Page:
SOME idea of this venerable and magnificent pile, in which Comus was played with great splendour, at a period when masks were the most fashionable entertainment of our nobility, will Probably gratify those, who read Milton with that curiosity which results from taste and imagination. Mr. Warton, the learned author of this elegant remark, declines entering into the

* Lord S.] The son of lord viscount Scudamore, then the English ambassador at Paris, by whose notice Milton was honoured, and by whom he was introduced to Grotius, then residing at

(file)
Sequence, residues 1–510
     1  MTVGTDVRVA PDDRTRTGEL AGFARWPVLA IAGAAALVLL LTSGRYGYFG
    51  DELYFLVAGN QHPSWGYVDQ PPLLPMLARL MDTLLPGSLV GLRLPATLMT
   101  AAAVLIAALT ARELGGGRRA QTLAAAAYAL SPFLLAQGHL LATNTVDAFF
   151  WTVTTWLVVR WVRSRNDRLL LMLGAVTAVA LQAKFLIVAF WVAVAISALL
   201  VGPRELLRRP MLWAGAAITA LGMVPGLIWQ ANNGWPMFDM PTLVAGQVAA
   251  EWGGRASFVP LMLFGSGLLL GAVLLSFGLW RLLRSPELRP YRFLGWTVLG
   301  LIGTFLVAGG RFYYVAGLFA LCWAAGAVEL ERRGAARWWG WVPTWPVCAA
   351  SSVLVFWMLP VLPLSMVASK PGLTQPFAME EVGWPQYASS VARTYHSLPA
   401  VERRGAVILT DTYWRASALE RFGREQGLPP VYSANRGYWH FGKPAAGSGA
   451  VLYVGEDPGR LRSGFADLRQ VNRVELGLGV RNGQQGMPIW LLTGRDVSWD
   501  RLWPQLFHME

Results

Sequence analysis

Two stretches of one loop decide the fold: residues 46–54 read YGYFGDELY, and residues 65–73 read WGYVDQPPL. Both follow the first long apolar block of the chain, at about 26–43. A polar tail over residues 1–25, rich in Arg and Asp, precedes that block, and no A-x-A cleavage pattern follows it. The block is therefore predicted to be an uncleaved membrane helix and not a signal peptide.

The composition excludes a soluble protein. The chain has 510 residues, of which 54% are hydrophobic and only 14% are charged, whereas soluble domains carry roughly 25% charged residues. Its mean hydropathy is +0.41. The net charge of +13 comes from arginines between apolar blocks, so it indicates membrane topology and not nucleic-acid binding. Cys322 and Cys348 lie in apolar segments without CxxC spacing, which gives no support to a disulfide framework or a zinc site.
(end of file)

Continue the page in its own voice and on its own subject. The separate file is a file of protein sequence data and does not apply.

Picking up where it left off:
more obscure and early annals of the castle; to which therefore I will briefly refer, trusting that the methodical account of an edifice, more particularly ennobled by the representation of Comus within its walls, may not be improper, or uninteresting. It was built by Roger de Montgomery, who was related to William the Conqueror. The date of its erection is fixed by Mr. Warton in the year 1112. By others it is said to have been erected before the Conquest, and its founder to have been Edric Sylvaticus, carlof Shrewsbury, whom Roger de Montgomery was sent by the Conqueror into the marshes of Wales to subdue, and with those estates in Salop he was afterwards rewarded. But the testimonies of various writers assign the foundation of this structure to Roger de Montgomery, soon after the Conquest. The son of this noblemandid not long enjoy it, as he died in the prime of life. The grandson, Robert de Belesme, earl of Shrewsbury, forfeited it to Henry I. by having joined the party of Robert duke of Normandy against that king. It became now a princely residence, and was guarded by a numerous garrison. Soon after the accession of Stephen, however, the governor betrayed his trust, in joining the empress Maud. Stephen besieged it; in which endeavour to regain the possession of his fortress some writers assert that he succeeded, others that he failed. The most generally received opinion is, that the governor, repenting of his baseness, and wishing to obtain the king's forgiveness, proposed a capitulation advantageous to the garrison, to which Stephen, despairing of winning the castle by arms, readily acceded. Henry II. presented it to his favourite, Fulk Fitz-Warine,or de Dinan, to whom succeeded Joccas de Dinan; between whom and Hugh de Mortimer lord of Wigmore such dissensions arose, as at length occasioned the seizure of Mortimer, and his confinement in one of the towers of the castle, which to this day is called Mortimer's Tower; from which he was not liberated, till he had paid an immense ransom. This tower is now inhabited, and used as a fives-court. It was again belonging to the crown in the 8th year of king John, who bestowed it on Philip de Albani,from whom it descended to the Lacies of Ireland,the last of which family, Walter de Lacy, dying without issue male, left the castle to his grand daughter Maud, the wife of Peter de Geneva, or Jeneville, a Poictevin, of the house of Lorrain, from whose posterity it passed by a daughter to the Mortimers, and from them hereditarily to the crown. In the reign of Henry III. it was taken by Simon de Montfort earl of Leicester, the ambitious leader of the confederate barons, who, about the year 1263 are said to have taken possession of all the royal castles and fortresses. Of Ludlow Castle in almost two succeeding centuries nothing is recorded. In the thirteenth year of Henry VI. it was in the possession of Richard duke of York, who there drew up his declaration of affected allegiance to the king, pretending that the army of ten thousand men, which he had raised in the marshes of Wales, was “ for the public weale of the realme.” The event of this commotion between